[Python-Dev] frozenset C API?

glyph at divmod.com glyph at divmod.com
Thu Sep 6 19:45:18 CEST 2007

On 05:15 pm, janssen at parc.com wrote:
>>RFC 2818
>>"""If a subjectAltName extension of type dNSName is present, that MUST
>>be used as the identity. Otherwise, the (most specific) Common Name
>>field in the Subject field of the certificate MUST be used. Although
>>the use of the Common Name is existing practice, it is deprecated and
>>Certification Authorities are encouraged to use the dNSName instead.

>Yes, subjectAltName is a big one.  But I think it may be the only
>extension I'll expose.  The issue is that I don't see a generic way
>of mapping extension X into Python data structure Y; each one needs to
>be handled specially.  If you can see a way around this, please speak

Well, I can't speak for Chris, but that will certainly make *me* happier 
>I intend to "include it all", by giving you a way to pull the full DER
>form of the certificate into Python.  But a number of fields in the
>certificate have nothing to do with authorization, like the signature,
>which has already been used for validation.  So I don't intend to try
>to convert them into Python-friendly forms.  Applications which want to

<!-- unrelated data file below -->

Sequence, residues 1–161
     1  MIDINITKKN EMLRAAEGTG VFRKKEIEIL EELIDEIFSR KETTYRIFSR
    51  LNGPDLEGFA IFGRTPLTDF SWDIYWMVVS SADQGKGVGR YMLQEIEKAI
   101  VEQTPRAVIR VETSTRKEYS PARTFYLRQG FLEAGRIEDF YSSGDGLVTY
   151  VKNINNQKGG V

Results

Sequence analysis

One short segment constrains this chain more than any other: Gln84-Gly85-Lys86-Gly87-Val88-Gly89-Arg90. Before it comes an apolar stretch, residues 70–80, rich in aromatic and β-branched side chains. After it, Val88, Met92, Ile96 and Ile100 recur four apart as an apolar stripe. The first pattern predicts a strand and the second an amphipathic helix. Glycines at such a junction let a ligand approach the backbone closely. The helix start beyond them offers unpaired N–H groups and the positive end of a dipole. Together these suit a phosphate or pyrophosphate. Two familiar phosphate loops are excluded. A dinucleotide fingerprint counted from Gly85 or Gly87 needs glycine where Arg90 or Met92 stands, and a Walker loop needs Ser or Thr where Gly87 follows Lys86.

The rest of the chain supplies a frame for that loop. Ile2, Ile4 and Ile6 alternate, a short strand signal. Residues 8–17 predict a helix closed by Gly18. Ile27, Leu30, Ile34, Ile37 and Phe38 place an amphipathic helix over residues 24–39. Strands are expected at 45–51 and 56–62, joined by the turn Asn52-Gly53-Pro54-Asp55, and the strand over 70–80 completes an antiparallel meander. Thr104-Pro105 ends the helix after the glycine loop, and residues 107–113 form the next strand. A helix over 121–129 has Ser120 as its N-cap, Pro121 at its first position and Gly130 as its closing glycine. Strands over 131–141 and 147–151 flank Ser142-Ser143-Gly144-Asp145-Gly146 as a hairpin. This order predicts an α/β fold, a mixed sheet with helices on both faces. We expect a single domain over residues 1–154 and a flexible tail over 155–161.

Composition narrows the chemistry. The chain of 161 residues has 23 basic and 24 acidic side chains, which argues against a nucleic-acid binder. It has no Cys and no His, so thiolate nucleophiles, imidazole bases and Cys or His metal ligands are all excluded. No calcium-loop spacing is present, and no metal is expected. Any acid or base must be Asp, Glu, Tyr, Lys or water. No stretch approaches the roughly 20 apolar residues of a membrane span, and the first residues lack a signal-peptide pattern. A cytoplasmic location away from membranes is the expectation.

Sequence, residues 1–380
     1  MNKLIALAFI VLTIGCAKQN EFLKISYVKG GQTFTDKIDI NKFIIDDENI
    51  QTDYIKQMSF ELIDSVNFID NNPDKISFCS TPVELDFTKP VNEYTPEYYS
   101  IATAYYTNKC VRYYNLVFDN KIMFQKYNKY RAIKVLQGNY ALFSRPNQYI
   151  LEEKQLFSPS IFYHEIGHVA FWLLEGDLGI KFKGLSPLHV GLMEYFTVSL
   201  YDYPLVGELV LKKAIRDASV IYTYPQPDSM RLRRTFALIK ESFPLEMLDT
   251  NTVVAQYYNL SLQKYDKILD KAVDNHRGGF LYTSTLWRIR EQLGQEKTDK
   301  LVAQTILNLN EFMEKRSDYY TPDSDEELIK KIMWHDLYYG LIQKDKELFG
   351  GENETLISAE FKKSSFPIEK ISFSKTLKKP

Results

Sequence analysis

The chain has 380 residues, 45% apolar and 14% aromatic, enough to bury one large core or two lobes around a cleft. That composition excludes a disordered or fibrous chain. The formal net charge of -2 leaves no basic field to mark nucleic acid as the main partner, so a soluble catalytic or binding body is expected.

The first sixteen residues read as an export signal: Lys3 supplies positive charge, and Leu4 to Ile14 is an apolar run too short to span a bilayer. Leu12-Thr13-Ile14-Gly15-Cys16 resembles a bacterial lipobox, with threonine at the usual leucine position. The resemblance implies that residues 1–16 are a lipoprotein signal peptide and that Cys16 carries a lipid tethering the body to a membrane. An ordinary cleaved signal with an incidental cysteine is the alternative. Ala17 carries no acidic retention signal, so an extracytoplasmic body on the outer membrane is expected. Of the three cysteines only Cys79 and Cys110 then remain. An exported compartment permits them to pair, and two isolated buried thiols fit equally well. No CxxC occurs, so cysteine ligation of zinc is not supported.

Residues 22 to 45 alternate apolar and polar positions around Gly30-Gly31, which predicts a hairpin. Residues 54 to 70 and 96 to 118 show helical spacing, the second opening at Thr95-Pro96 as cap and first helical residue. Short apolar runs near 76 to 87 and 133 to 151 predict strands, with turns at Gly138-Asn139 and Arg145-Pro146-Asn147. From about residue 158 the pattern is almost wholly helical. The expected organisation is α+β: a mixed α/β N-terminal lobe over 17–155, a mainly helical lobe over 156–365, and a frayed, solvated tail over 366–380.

>use that information already need to have a more powerful library, like
>M2Crypto or PyOpenSSL, available; they can simply work with the DER 
>of the certificate.

When you say "the full DER form", are you simply referring to the full 
blob, or a broken-down representation by key and by extension?

This begs the question: M2Crypto and PyOpenSSL already do what you're 
proposing to do, as far as I can tell, and are, as you say, "more 
powerful".  There are issues with each (and issues with the GNU TLS 
bindings too, which I notice you didn't mention...)

Speaking of issues, PyOpenSSL, for example, does not expose 
subjectAltName :).

This has been a long thread, so I may have missed posts where this was 
already discussed, but even if I'm repeating this, I think it deserves 
to be beaten to death.  *Why* are you trying to bring the number of 
(potentially buggy, incomplete) Python SSL bindings to 4, rather than 
adopting one of the existing ones and implementing a simple wrapper on 
top of it?  PyOpenSSL, in particular, is both a popular de-facto 
standard *and* almost completely unmaintained; python's standard library 
could absorb/improve it with little fuss.

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